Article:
Dear Class of 2025,
You’re welcome. That’s right. You heard me. You’re welcome. Because while you were getting dizzy on the tire swing and eating Go-Gurt, the grown-ups have been working to make school great for you, and doing so under the most extraordinary conditions.
Consider Dr. J. Michael McGrath Elementary in Santa Clarita, CA. It’s a Title 1 school, which means the overall poverty level of the student population is at least 40 percent. More than 85 percent of the students qualify for free or reduced lunch. Yet somehow, McGrath was named a National Blue Ribbon School earlier this year by the Department of Education. The K-6 population, sixty percent of which speaks English as a second language, scored higher than 80 percent proficiency in math and language arts. The school is led by principal Larry Heath, a guy who looks like he was built in the principal factory (tie, sweater vest, slick Gordon Gekko hair). This guy eats, sleeps and breathes education. He loves kids. Every year, to reward his students for all the work they did and goals they reached, he takes them to the movies. Yes, the entire school. And yes, that means hundreds of boxes of popcorn, and hundreds of small sodas.
Consider Broad Acres Elementary in Montgomery County, Maryland, on the outskirts of Washington, D.C. Like McGrath, Broad Acres has plenty to overcome. “We have a lot of poverty. Ninety-six percent of our students receive free or reduced meals,” says Kim Burnim, a Broad Acres teacher and the 2006 National Teacher of the Year. “There’s also a very high mobility rate. Many of the children who start here don’t finish.” But Burnim and the school keep fighting. The students’ reading proficiency is 81 percent, up from a dismal 47 percent in 2003. But it’s not just the children’s test scores that matter here. Faced with a high absentee rate and a large population of parents with no health insurance, Broad Acres created an on-site health center with a full-time nurse and regular doctor visits. When one student kept falling asleep in class, the teacher discovered that the child shared one twin mattress with three other siblings. The school got him a bed.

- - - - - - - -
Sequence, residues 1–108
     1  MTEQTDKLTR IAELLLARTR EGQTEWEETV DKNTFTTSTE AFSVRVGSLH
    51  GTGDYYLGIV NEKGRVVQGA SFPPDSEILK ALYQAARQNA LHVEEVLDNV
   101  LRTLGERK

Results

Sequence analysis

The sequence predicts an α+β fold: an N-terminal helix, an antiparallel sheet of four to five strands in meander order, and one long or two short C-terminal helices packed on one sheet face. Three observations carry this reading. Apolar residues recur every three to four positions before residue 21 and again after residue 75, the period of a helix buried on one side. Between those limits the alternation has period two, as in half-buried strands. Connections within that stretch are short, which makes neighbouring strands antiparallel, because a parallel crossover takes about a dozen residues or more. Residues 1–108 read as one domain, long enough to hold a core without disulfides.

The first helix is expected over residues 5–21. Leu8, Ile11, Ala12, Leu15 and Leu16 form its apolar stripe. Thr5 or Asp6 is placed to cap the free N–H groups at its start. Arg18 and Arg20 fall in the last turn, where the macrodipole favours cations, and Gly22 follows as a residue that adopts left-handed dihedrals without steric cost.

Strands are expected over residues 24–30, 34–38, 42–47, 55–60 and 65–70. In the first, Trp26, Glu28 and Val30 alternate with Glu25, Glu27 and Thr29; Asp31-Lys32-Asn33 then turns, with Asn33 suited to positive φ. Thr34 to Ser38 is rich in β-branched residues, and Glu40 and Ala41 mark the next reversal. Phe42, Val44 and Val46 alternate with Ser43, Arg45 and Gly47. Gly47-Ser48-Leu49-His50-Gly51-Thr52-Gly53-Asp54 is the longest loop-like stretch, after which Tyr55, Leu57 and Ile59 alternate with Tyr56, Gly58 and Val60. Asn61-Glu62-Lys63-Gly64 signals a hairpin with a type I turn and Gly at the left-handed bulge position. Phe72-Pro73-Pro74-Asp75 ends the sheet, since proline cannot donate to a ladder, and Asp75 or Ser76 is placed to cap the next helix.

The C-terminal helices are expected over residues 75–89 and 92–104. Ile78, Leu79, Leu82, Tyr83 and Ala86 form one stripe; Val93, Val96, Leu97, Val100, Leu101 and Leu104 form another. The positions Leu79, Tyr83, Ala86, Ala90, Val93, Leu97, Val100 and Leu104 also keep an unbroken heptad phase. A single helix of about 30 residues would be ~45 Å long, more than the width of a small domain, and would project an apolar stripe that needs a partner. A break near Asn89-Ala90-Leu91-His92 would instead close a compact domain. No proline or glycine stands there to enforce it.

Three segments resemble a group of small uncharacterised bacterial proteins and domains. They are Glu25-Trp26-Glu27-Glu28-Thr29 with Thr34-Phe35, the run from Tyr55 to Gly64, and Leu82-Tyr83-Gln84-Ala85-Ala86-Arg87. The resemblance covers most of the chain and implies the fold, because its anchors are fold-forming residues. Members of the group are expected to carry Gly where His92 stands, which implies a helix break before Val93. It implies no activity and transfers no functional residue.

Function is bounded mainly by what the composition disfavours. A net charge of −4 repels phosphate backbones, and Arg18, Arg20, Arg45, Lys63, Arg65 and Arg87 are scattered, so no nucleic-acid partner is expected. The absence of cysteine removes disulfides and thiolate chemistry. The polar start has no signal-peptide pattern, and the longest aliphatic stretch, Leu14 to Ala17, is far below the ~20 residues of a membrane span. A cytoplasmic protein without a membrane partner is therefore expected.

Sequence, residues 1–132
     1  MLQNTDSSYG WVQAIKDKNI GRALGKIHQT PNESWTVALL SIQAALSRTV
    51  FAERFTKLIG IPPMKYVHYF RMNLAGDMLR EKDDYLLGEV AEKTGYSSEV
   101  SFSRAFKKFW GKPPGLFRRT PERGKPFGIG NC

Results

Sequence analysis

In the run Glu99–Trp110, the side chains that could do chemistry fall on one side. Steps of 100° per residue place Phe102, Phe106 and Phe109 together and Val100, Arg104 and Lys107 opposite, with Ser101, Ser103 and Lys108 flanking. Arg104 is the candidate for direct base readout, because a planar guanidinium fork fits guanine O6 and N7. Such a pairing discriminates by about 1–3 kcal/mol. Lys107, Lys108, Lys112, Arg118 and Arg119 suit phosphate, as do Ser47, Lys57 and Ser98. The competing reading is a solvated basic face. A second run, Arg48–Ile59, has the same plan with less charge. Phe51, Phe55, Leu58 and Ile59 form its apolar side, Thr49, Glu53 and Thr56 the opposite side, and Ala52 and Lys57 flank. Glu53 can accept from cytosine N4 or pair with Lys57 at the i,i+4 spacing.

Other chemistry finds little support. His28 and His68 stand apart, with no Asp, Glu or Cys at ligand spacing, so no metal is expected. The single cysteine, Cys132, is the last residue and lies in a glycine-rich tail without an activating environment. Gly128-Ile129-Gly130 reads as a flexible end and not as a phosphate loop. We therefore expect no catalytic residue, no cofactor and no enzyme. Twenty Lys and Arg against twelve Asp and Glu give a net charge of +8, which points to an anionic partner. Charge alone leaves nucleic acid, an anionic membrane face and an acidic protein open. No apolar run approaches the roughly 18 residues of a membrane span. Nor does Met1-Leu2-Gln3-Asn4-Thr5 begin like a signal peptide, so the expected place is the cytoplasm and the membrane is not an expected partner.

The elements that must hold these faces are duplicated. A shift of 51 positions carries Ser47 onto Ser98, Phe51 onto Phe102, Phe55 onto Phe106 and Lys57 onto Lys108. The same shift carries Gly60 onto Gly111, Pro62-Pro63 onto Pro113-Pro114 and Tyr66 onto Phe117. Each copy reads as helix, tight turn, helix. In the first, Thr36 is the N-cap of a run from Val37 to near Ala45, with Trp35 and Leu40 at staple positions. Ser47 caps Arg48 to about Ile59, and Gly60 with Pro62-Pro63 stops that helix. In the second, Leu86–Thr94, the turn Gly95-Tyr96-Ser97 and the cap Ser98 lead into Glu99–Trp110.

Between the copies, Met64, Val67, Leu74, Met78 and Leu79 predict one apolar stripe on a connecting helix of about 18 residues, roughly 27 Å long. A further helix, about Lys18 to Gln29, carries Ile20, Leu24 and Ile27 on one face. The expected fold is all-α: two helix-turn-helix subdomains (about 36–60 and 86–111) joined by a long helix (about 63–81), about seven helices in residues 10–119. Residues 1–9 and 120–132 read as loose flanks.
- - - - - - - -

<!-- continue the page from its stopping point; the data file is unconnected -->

There are 99,000 public elementary and secondary schools in the United States. And these schools are filled with super awesome teachers. Teachers who buy their own classroom supplies (and even toilet paper) when the funding isn’t there. Teachers who give exhausted kids beds and rent out an entire movie theater to show Cloudy With a Chance of Meatballs. And all this happens while you’re getting dizzy on the tire swing and eating Go-Gurt. It all happens while you’re busy being, well, the Class of 2025.
That’s the way it should be, and you don’t owe us anything for it. Just remember to be grateful and show gratitude. Besides that, I only have a few pieces of advice for you. Wash your hands after going to the bathroom. Don't forget that M is just an upside-down W. And always remember to say “thank you.”